Have any garden retailers knocked on your door yet?
Nope, not one.
Gardeners helped with crowdfunding to make this research possible. What more can they do to build on its results and help sustain pressure for pesticide-free pollinator plants? Should they be raising it with garden retailers, writing to their MPs, both – or something more?
I slightly despair because we don’t seem to be getting anywhere on this issue, and there doesn’t seem to be any positive response. But anything you can do to make policymakers feel that this is an important issue will help. So write to your MP – they don’t actually get that many letters; if they get more than two or three on a topic it’s regarded as a significant issue. Maybe go to your garden centre and tell them that you won’t be buying their ‘bee-friendly’ plants any more unless they clean up their act. That will apply pressure to reduce their pesticide use or, ideally, source plants that are guaranteed free of pesticides.
What are your future priorities for research in this area?
I’d love to see our research followed up and to test other retailers’ products – those like Waitrose who say that the plants they sell are free of pesticides – and see whether the promises of Aldi and B&Q are followed through on, but it’s hard to get money to repeat what we’ve already done. I could try more crowdfunding, but it’s expensive work (it actually cost a lot more than we managed to raise by crowdfunding last summer). Without some big grants coming in we’re not going to be able to continue working on this particular issue.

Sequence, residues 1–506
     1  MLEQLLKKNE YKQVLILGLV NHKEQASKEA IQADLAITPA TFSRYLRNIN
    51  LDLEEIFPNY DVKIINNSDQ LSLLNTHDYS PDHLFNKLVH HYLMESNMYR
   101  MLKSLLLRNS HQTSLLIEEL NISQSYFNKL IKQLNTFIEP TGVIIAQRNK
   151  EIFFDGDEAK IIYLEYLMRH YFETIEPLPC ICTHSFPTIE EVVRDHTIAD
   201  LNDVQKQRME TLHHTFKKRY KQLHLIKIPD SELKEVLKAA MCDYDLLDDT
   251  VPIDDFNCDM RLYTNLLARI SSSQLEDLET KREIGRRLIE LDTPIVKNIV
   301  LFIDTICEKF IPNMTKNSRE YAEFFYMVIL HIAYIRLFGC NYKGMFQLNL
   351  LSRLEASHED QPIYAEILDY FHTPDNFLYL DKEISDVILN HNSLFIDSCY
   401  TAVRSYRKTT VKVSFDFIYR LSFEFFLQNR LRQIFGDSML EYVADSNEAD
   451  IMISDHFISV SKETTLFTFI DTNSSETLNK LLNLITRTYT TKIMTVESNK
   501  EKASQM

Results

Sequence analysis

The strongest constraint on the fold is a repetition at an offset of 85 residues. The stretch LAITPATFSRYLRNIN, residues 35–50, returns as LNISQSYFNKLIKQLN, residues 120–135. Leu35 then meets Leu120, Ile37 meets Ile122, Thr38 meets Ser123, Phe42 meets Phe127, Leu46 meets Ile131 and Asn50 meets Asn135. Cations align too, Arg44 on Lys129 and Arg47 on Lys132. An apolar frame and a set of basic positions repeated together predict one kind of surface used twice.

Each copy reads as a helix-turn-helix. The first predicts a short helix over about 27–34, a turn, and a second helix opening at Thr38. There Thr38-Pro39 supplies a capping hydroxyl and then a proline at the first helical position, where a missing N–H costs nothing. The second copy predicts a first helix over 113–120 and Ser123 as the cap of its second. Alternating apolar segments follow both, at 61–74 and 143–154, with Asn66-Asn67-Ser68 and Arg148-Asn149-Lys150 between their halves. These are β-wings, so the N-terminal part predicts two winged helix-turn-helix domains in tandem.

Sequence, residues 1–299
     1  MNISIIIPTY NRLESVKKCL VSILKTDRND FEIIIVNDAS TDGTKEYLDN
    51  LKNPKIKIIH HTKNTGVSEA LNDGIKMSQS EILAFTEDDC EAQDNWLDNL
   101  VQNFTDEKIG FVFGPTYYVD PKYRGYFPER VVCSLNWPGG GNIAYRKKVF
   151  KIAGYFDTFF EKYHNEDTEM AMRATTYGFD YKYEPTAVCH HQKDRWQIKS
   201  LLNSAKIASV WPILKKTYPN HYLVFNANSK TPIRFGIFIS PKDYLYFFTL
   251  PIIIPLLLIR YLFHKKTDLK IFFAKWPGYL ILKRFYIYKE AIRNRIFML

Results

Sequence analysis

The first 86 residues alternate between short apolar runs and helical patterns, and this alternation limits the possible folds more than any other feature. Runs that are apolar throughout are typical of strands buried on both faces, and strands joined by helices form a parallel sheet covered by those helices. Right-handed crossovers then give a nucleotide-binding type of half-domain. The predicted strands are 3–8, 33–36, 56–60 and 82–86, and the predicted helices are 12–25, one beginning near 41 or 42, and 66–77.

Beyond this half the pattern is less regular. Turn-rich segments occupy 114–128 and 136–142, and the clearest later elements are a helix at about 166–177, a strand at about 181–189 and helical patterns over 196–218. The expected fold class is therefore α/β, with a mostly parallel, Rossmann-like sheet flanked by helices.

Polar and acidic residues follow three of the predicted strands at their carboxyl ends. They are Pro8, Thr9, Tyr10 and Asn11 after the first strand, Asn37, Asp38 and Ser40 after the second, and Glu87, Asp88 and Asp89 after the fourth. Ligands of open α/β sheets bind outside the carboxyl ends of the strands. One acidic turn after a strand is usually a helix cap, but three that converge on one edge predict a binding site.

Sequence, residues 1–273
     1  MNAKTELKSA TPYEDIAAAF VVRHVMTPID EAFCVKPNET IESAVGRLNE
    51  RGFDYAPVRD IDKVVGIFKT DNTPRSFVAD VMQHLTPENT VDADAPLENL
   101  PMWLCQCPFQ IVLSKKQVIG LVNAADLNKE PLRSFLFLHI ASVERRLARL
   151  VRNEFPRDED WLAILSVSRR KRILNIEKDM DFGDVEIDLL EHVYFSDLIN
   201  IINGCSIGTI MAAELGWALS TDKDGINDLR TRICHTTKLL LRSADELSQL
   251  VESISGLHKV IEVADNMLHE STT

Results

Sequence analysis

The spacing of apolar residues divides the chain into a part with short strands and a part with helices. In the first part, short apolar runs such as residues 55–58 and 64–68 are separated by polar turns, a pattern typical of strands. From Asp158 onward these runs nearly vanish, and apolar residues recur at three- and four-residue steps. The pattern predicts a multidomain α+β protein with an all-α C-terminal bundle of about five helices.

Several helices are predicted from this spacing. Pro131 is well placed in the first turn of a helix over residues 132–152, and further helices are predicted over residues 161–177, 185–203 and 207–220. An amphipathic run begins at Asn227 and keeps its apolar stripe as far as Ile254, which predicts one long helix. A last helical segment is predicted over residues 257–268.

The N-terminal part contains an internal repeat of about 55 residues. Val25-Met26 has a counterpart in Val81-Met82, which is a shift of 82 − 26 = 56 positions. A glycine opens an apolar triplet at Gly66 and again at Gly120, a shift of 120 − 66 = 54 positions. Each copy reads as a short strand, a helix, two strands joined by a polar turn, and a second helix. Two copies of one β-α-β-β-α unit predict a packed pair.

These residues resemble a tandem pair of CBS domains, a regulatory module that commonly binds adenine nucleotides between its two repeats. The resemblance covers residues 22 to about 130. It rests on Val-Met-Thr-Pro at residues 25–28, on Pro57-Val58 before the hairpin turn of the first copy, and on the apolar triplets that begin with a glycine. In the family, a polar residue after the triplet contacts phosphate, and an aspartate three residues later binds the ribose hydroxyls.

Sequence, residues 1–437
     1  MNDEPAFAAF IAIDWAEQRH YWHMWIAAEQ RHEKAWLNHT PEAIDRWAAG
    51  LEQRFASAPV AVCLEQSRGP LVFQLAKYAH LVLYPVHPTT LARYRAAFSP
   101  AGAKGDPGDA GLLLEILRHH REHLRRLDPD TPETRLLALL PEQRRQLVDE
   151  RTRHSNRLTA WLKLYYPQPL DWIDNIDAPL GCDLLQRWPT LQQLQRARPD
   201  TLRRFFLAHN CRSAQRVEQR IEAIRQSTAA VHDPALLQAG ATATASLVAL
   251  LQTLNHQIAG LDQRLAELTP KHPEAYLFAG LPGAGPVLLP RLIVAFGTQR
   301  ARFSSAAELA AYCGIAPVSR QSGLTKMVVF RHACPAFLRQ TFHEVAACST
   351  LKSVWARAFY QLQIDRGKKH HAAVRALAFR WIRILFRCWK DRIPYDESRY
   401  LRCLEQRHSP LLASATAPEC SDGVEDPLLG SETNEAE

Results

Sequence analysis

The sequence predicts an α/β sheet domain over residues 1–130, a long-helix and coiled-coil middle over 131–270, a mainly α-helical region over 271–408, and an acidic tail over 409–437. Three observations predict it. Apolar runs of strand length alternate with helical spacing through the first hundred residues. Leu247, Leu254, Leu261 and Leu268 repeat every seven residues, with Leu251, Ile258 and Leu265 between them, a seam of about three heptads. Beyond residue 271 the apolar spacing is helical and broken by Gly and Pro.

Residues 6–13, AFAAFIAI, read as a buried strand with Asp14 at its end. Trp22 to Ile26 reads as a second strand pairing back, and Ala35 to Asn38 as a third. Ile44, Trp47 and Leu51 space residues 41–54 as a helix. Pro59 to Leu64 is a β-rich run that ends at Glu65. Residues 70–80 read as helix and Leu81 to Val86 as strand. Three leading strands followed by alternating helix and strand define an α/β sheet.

Do you have any ideas on how to get the neonics message out to people with gardens, as opposed to committed gardeners – folk who might be swayed by a cartoon bee logo, but are completely unaware of the deeper problem?
One of the endless difficulties I face is how do you engage with those folk that don’t care, and are not particularly interested in, or aware of, environmental issues – which is most people. There’s little political debate about the environment generally. Certainly the Conservatives don’t seem to give a damn about the state of the environment and the disappearing birds and butterflies and everything else. And I think most members of the public are just blissfully unaware of the huge environmental issues that we face on a global scale. How do we get to them, how do we convince them they should be voting for politicians who are thinking long-term and looking at the environment, or that they should be buying from companies that sell organic or pesticide-free plants and food and so on? I don’t have an answer. I’ve tried all sorts of things: writing books, articles and blogs, and using social media, but it often feels like I’m preaching to the converted. I don’t have a magic bullet. I hoped that media coverage of our garden centre plant research might do the job. We’ve had stories in the Daily Mail, the Independent, the Irish Times and some others, but I’m afraid it doesn’t seem to have got us terribly far.